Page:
Bangalore village turns out to be archaeologists’ dream
Rajghatta, May 28: RAJGHATTA, a sleepy village in Bangalore’s rural district that hit the headlines after archaeologists unearthed a 2000-year-old Buddhist site there, hides many more such treasures and secrets.
Residents of this village between Doddaballapur and Chikballapur can talk for hours on end as to why they banned the Sarangadhama drama, the story of a local prince of yore.
It brought bad luck. But ask them about gold, and they will mumble something politely change the topic, or simply look the other way. It all started when a contractor found gold some 30 years ago, while digging a budhi gundi ash dump.
There should be more, villagers say. But nobody found any more. However, many tillers have had small finds — pots, tiny Buddhist stupas and other relics. ‘‘We used to throw them away. But when archaeologists began collecting them, we realised their value,’’ says farmer Muniyappa.
Nobody knows who got found gold 30 years ago. ‘‘There was gold jewellery, arms made of gold and other valuable things,’’ says a local youth. ‘‘The whole load of ash, which was in the budhi gundi were transported to farms in Kolar and Hoskote areas.’’
Soon after the find, archaeologists from Mysore University visited the spot. However, they could not begin work due to some technical hitch. When they returned again two months ago, they knew they had hit a veritable gold mine.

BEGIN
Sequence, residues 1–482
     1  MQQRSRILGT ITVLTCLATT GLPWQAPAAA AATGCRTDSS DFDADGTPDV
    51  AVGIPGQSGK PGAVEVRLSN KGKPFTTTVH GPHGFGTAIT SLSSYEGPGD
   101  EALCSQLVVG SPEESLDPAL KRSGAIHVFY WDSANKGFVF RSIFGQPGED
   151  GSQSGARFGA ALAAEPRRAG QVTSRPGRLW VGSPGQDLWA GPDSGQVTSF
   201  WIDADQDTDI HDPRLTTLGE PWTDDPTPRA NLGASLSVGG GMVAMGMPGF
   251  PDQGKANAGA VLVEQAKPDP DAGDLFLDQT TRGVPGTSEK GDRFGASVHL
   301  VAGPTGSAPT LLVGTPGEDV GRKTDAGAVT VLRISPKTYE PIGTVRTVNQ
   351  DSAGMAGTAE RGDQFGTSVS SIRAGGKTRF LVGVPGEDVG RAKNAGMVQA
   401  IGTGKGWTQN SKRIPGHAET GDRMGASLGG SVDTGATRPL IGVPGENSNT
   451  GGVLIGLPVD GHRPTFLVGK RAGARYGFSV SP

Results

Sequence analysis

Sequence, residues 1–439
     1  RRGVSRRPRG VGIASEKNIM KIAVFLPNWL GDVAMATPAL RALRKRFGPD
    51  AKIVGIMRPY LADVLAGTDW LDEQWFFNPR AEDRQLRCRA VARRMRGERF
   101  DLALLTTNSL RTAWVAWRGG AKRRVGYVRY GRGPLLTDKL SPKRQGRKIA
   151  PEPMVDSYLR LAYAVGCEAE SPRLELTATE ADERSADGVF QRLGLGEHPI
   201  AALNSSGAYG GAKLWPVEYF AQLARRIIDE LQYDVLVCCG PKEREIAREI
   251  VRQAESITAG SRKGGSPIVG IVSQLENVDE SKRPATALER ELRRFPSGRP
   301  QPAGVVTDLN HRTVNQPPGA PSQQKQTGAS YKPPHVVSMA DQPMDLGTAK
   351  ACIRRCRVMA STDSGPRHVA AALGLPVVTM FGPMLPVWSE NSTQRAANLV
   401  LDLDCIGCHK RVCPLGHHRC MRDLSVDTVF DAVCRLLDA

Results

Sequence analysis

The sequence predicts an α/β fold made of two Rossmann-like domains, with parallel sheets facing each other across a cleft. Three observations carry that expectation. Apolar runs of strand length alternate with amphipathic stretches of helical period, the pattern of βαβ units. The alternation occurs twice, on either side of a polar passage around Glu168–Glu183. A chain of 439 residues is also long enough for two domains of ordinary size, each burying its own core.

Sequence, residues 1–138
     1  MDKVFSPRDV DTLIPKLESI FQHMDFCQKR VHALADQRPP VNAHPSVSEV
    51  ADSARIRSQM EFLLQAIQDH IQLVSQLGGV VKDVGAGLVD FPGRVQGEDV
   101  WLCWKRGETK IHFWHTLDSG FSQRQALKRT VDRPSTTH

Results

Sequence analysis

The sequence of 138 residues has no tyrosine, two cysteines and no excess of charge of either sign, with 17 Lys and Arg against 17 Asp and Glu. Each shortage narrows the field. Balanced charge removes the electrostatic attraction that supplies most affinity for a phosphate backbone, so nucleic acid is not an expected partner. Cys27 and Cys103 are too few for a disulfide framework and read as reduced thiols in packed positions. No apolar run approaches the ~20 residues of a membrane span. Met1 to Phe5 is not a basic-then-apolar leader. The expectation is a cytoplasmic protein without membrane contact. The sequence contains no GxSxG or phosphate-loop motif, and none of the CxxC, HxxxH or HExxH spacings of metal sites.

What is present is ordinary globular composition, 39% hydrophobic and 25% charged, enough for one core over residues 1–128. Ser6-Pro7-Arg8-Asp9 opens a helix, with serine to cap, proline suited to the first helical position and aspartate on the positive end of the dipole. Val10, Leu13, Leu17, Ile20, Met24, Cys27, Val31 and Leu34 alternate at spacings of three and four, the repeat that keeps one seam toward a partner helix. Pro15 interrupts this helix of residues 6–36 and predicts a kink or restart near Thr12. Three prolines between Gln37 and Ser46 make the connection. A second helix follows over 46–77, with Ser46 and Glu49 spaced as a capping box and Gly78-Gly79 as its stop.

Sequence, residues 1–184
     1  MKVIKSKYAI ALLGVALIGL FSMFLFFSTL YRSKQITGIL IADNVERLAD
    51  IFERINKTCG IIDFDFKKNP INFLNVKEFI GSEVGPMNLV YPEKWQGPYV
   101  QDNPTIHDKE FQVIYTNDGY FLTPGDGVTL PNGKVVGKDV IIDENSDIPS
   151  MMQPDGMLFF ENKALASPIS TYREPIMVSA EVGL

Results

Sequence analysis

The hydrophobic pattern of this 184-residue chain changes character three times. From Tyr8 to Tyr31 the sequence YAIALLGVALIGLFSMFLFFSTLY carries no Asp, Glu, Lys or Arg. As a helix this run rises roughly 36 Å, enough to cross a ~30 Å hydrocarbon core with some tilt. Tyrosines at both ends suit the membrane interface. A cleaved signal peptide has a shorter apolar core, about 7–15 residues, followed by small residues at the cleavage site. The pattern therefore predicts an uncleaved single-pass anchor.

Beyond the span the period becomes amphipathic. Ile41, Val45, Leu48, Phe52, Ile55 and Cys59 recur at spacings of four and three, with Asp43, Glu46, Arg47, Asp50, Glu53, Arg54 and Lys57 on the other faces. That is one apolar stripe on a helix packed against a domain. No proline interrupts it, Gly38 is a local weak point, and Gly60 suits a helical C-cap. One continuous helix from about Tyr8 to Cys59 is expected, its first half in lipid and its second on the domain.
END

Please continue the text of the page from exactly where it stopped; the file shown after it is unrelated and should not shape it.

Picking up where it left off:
‘‘It is one of the rarest finds,’’ say M.S. Krishnamurthy, professor of Ancient Indian History and Archaeology in Mysore University, who led the latest excavation. ‘‘The site has got immense significance and it is the first of the kind in Karnataka or may be even in the whole of India.’’
For now, Archaeologists have closed the pits they had dug in three places. They will be returning soon for a more thorough job.
‘‘We are verifying the facts and the exact age when the civilisation existed in the area,’’ Dr Krishnamurthy said. He said a proper excavation of the site would begin soon.
Yogesh, a villager who helped them, said the team found a temple in one of the excavated places. In another site, there are stone henges marking cremation spots of a megalithic civilisation.
The village had at least five such henges but the villagers broke them up for stones, said Yogesh. Besides, the village has many Veeragallus (tales of bravery carved on stones).